Frictions with autonomy and future fertility: Towards a feminist empirical bioethics of social egg freezing

Onderzoeksoutput: PhD Thesis

18 Downloads (Pure)


As the number of women freezing their eggs for so-called social reasons increases year-overyear in several Western societies, literature flourishes around ethical issues raised by this procedure. A central line of reasoning within the literature is the emancipation argument which holds that social egg freezing (SEF) enhances women’s individual autonomy, hence their emancipation, in an important step towards greater gender equality. While this debate is not yet settled, existing bioethics literature has yet to engage directly with actual women’s motivations and the assessments of moral reasonings which they bring to bear on their decisions around SEF. This article-based dissertation aimed to bridge the gap by analysing how, in terms of individual autonomy and related concerns of emancipation, women morally understand and experience social egg freezing. I engaged in dialogue with 21 women who were interested in this procedure, based on an innovative Socratic method vis-à-vis critical, ethical reflections on the practices and experiences of SEF. My empirical findings facilitated four sketches better contextualising the emancipation argument and tensions around it. First, challenging the stereotype of selfish and career-driven women choosing SEF, participants’ decisions were shaped by concerns about relationship formation. Second, highlighting the emotionally charged and cyclical nature of their decisions, SEF seemed to function as a risk ritual practiced in neoliberal societies: participants tended to take self-responsibility by taking actions to avoid anticipated decision regret. Third, although I questioned the career-woman stereotype, participants’ relatively privileged social positions showed a degree of affluence and higher-education attainment that influenced their perception of timing for parenthood and asserted a condition of agency in planning and manipulating decision times. Fourth, the question of whether they should be reimbursed for the cost of SEF was a morally relevant topic in most participants’ viewpoints although it is often treated as a side note in bioethics literature. To conclude, I argue that SEF could enhance some women’s reproductive autonomy—but social and relational conditions (including access to financial resources and other forms of privilege that shape their decisions) call for critical attention. Because SEF is not inherently xi emancipatory, it is dubious to co-opt this technology as an instrument for gender equality: its introduction may exacerbate social inequalities that exist between women, and this possibility raises reproductive justice concerns that deserve more attention. Neither burying nor adulating SEF’s emancipatory potential, this dissertation depicts diverse ethical concerns by considering the moral understandings of actual women directly involved in this practice.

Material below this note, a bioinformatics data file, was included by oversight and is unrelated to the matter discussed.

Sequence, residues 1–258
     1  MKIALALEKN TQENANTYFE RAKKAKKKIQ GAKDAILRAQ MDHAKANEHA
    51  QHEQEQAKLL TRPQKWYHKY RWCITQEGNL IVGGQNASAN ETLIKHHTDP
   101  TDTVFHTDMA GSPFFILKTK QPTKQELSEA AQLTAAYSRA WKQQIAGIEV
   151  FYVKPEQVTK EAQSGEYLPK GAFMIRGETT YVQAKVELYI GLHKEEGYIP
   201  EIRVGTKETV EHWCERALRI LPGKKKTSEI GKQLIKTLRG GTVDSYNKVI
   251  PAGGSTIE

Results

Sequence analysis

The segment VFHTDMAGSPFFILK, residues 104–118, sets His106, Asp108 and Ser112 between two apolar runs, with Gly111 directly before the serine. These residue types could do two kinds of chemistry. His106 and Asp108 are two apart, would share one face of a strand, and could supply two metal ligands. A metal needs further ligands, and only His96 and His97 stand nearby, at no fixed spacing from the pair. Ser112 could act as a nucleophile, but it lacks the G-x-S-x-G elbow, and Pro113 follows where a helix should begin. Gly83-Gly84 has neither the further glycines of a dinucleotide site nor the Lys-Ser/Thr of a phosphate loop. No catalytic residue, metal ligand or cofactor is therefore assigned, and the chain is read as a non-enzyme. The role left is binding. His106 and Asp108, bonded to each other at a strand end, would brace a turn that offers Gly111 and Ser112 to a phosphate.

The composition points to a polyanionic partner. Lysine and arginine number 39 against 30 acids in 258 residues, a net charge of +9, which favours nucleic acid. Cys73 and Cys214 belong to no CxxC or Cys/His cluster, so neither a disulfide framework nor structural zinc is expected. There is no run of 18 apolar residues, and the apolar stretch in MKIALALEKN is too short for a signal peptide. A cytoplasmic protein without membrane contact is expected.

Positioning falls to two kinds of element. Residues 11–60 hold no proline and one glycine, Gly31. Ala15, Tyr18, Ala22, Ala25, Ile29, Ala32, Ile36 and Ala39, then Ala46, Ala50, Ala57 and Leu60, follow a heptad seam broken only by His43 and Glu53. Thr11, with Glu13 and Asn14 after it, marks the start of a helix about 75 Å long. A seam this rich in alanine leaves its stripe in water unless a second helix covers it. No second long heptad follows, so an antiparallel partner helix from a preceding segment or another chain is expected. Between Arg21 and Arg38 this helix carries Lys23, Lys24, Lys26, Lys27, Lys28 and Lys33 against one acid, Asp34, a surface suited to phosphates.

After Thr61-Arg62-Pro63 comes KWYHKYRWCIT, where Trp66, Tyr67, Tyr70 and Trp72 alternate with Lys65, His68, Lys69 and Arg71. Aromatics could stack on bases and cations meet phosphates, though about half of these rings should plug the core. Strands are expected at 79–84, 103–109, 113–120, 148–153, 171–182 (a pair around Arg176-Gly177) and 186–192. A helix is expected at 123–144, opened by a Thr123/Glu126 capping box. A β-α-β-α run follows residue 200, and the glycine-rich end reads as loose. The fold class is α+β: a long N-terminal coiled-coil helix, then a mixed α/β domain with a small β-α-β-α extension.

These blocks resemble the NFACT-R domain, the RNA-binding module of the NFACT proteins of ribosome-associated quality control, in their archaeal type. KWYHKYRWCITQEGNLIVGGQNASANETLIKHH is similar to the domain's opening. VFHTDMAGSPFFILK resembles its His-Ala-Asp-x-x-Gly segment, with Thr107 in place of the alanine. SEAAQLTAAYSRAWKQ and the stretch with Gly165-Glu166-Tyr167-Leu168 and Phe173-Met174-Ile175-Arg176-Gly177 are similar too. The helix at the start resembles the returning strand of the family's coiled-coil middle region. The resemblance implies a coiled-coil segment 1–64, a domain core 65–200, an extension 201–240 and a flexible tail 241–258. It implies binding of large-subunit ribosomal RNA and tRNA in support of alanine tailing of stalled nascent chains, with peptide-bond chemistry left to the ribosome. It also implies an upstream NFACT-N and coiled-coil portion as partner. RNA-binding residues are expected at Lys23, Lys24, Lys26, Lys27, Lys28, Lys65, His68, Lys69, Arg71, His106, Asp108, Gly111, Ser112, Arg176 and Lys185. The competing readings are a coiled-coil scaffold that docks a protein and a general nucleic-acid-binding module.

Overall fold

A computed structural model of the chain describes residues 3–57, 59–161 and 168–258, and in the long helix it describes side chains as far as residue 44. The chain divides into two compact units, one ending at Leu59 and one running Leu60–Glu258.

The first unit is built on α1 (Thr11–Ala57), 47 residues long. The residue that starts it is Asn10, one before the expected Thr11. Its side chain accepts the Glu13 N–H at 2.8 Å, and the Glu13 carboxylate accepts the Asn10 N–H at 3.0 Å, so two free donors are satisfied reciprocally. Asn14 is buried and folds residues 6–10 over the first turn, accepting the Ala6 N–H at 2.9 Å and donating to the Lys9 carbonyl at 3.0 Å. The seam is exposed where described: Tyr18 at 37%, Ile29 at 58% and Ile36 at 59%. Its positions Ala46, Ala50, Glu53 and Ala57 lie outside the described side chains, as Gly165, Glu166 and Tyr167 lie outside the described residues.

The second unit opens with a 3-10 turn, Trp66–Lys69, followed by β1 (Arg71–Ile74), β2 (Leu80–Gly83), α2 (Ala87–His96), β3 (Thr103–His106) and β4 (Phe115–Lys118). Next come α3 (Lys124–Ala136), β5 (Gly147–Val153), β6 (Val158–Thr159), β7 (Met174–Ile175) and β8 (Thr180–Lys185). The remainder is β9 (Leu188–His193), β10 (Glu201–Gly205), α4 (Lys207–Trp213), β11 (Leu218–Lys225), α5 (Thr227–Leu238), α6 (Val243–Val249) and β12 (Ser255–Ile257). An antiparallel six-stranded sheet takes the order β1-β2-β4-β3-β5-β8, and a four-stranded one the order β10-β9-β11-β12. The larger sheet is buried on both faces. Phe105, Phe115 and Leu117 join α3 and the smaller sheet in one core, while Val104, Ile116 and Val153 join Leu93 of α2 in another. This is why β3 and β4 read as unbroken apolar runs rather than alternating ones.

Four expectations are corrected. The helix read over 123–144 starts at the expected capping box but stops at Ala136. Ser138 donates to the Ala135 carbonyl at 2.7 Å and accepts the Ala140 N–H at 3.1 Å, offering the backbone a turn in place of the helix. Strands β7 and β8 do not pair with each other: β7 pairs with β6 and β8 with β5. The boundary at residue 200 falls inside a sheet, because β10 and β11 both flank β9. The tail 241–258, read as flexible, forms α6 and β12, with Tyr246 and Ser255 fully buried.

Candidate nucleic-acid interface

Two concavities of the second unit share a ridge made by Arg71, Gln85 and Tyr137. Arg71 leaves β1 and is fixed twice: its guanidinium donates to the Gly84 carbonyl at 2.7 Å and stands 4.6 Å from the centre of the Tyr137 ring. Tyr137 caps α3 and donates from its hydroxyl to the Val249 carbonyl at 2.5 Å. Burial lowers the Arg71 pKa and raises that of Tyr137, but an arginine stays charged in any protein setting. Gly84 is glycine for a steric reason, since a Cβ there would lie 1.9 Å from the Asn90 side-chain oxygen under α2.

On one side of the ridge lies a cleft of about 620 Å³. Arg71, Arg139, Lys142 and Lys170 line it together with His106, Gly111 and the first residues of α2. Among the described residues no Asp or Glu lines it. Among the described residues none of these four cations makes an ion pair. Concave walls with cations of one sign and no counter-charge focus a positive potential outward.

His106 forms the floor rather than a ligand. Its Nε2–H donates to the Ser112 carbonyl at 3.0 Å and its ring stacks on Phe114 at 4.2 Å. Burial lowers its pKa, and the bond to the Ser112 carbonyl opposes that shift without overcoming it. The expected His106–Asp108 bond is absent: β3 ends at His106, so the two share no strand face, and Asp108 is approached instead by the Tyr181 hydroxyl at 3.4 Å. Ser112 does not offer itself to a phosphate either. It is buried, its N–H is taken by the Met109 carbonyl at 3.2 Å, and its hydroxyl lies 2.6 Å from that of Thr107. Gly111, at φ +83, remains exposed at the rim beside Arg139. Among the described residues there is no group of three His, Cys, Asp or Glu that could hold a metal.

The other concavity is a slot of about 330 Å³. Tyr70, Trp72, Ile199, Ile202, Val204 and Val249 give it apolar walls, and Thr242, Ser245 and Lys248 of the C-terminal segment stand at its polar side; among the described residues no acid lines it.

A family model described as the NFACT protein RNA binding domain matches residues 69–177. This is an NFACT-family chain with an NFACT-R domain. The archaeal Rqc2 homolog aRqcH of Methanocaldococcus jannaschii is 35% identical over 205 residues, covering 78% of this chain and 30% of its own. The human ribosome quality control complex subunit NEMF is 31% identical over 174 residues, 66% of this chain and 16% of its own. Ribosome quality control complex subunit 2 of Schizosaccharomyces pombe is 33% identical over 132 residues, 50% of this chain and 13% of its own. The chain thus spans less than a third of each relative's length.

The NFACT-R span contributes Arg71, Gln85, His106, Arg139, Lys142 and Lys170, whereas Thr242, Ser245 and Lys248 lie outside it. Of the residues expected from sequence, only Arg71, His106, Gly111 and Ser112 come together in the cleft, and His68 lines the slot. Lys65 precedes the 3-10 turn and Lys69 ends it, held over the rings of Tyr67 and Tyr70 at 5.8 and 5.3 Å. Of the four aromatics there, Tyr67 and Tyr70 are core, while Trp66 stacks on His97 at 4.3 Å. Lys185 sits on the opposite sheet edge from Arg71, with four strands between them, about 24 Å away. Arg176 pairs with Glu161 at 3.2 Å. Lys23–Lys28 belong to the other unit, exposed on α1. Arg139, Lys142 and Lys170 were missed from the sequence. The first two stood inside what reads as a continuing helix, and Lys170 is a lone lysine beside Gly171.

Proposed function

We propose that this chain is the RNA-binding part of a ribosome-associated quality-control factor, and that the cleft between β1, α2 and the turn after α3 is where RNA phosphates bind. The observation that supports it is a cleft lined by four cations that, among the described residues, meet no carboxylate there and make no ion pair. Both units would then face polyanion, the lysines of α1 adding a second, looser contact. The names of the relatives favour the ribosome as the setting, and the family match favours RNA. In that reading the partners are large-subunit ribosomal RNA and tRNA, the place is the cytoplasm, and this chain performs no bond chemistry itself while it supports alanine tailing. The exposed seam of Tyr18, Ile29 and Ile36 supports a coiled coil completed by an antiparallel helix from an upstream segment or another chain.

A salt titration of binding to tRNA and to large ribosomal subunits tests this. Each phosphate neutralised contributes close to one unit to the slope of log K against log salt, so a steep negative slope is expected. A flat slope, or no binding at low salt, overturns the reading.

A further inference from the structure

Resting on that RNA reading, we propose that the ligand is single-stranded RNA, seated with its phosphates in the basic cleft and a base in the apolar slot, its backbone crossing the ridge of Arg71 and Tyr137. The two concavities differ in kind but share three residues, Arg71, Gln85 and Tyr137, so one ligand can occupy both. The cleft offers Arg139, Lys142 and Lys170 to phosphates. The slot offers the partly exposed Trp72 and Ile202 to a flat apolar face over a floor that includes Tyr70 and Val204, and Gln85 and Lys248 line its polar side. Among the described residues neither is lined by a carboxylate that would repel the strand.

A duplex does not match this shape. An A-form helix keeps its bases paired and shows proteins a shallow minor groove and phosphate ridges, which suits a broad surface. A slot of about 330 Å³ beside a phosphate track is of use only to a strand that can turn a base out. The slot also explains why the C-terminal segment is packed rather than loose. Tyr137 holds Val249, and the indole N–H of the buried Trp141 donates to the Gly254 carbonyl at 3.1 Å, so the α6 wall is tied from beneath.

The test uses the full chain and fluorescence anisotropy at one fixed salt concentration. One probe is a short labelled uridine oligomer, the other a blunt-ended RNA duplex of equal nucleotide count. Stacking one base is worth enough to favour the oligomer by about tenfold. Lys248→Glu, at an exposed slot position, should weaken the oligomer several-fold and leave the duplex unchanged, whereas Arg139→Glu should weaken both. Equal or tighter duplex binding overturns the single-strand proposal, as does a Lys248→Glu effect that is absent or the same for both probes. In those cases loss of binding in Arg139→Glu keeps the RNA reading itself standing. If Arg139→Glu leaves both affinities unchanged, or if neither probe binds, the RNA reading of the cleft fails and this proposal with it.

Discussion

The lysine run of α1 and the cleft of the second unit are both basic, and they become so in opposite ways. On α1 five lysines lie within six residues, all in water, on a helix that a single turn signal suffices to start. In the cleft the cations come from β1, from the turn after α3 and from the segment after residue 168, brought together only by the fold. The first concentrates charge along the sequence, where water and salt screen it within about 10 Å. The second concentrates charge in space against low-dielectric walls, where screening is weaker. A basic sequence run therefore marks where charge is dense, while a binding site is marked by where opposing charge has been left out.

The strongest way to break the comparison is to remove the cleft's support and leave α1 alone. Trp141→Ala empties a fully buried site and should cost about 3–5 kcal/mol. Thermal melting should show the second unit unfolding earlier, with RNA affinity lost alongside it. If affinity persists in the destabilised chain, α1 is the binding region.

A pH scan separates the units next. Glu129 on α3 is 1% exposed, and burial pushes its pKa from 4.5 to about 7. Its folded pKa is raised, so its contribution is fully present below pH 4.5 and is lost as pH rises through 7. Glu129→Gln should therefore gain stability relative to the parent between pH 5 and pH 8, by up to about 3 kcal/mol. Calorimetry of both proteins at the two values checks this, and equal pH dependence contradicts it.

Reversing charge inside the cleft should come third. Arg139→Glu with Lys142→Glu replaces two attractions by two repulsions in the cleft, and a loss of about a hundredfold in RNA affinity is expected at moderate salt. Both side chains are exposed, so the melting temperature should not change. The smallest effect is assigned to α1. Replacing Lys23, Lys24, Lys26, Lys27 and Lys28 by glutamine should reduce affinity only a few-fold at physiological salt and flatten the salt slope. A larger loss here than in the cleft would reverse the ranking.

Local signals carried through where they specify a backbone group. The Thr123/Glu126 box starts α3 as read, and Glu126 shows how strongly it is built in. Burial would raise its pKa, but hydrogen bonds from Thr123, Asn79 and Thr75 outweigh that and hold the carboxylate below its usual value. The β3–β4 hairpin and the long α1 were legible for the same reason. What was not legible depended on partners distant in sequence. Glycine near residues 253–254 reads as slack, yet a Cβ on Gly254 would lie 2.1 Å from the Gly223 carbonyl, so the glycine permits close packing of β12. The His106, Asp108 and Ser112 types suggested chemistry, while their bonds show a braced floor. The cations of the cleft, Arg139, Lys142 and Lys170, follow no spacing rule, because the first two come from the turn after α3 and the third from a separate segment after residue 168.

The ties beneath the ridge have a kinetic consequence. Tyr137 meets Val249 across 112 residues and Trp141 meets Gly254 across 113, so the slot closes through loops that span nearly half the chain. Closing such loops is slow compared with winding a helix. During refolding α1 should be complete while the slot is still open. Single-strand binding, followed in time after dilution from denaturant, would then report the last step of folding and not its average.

Originele taal-2English
Toekennende instantie
  • Vrije Universiteit Brussel
  • Coene, Gily, Promotor
Datum van toekenning21 apr 2022
StatusPublished - 2022


Duik in de onderzoeksthema's van 'Frictions with autonomy and future fertility: Towards a feminist empirical bioethics of social egg freezing'. Samen vormen ze een unieke vingerafdruk.

Citeer dit